Sydney could be on its way to evolving into a ‘polycentric’ urban model, or a city marked by multiple ‘sub-centres’, according to new research released by the University of Sydney.
The research found that the transition to a polycentric model is being driven organically by residential suburb attractiveness to residents, with populations potentially aggregating around existing major urban areas, notably Parramatta, Campbelltown, Penrith and Gosford.
The study categorised suburb attractiveness by both available services and size of the population, with incomes offset by rent. When deciding where to settle, people considered the utility of living in attractive suburbs as well as the cost of commuting to work.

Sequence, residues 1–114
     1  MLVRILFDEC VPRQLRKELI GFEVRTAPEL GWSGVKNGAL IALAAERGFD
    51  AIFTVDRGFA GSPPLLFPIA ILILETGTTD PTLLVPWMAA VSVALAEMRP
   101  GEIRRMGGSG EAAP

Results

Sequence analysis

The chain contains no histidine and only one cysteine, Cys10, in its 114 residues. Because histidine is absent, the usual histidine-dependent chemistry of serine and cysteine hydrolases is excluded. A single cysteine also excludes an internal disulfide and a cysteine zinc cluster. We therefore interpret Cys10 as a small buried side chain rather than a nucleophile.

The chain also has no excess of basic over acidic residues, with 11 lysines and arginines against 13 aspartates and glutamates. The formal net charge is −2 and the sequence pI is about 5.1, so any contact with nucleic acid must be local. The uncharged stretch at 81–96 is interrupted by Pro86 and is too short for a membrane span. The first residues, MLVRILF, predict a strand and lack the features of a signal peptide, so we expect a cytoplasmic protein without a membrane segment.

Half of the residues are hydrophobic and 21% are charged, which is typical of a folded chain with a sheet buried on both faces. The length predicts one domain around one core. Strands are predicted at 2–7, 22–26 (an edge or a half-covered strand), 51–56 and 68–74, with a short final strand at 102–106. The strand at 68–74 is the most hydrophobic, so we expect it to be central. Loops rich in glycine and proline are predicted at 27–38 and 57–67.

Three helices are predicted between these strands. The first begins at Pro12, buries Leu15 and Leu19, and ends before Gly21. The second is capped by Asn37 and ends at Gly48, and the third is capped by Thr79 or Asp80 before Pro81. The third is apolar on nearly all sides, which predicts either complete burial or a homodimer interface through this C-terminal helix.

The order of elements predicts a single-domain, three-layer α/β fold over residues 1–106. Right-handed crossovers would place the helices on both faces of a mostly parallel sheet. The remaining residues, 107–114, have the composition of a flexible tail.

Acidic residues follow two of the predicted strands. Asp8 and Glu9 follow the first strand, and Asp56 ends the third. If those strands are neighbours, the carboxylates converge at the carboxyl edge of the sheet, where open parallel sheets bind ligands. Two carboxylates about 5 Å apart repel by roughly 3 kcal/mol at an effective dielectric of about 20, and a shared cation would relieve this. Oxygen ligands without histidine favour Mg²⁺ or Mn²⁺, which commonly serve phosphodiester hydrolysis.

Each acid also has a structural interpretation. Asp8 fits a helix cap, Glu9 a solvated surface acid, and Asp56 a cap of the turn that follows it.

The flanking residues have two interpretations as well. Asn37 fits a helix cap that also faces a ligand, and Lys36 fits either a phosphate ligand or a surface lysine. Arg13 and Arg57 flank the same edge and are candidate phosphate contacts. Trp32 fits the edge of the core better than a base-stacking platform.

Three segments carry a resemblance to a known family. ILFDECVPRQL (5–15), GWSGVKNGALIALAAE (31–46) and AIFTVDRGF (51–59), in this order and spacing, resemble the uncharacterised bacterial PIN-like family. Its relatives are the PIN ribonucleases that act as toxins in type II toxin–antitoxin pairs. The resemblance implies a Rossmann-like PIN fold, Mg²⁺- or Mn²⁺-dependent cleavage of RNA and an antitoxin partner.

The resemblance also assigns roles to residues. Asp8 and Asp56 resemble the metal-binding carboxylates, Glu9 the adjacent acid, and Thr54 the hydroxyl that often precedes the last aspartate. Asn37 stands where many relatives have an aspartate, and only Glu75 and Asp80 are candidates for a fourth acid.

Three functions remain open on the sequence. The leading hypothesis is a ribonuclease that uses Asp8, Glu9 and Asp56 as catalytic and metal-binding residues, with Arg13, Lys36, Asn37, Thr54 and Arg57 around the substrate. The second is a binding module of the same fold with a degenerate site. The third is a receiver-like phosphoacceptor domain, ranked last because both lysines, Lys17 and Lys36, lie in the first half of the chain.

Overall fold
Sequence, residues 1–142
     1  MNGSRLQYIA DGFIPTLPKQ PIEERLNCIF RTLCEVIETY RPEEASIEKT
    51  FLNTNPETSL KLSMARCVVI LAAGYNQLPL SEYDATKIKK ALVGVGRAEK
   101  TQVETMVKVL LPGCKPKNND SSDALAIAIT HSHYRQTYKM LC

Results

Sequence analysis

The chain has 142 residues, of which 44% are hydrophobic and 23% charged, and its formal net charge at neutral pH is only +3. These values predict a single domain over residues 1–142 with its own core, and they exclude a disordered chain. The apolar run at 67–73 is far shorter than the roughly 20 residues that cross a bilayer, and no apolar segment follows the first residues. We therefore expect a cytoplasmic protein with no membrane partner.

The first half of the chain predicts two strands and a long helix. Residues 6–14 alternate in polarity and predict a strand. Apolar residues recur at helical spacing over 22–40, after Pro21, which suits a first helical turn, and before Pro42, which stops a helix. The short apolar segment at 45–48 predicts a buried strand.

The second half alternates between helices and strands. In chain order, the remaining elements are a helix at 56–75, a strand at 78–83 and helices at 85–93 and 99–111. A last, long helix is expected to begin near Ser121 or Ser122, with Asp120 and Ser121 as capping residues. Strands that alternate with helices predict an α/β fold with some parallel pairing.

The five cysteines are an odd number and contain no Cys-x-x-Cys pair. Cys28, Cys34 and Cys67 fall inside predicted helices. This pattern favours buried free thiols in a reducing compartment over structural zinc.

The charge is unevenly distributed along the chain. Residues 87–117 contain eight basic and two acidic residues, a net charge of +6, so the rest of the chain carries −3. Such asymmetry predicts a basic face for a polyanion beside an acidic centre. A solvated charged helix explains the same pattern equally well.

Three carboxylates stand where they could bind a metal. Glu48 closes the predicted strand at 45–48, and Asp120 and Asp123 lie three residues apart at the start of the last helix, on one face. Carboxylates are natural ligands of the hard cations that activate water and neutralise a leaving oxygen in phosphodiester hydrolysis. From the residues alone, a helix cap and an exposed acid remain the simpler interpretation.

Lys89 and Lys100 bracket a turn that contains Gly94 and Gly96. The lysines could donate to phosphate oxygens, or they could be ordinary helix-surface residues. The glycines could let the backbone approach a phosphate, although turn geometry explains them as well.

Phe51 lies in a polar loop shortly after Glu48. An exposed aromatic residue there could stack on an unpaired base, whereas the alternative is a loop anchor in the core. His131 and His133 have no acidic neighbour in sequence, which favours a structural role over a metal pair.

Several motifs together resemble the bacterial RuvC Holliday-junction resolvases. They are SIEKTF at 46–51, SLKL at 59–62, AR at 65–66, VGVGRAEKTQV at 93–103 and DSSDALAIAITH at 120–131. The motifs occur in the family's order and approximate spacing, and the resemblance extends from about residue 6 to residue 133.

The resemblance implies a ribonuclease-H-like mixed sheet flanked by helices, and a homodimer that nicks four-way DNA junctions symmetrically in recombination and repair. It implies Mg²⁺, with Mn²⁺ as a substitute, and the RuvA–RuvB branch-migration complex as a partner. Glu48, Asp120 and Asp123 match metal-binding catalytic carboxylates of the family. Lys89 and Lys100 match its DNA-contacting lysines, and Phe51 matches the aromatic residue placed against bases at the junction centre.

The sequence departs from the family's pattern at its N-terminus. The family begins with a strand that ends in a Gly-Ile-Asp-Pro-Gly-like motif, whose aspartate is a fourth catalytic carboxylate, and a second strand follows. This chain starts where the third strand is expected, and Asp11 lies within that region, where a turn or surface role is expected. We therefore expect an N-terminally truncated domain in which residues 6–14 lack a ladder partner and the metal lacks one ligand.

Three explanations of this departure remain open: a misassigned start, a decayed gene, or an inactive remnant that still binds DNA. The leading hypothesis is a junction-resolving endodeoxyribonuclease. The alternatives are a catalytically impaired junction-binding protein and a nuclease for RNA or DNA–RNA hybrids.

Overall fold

Conversely, the study showed that transit times were less of an influencing factor on the changing residential model, despite lengthy commutes being a common complaint of Sydney-siders in recent years.
"The model showed that social cohesion is often more important to Sydney residents than transportation costs, and that changes in social attitudes can bring about more abrupt shifts in urban structure, than changes in travel budget", said lead researcher Professor Mikhail Prokopenko.
According to Prokopenko, the transition of cities between different patterns of urban settlement has become a central problem in urban planning.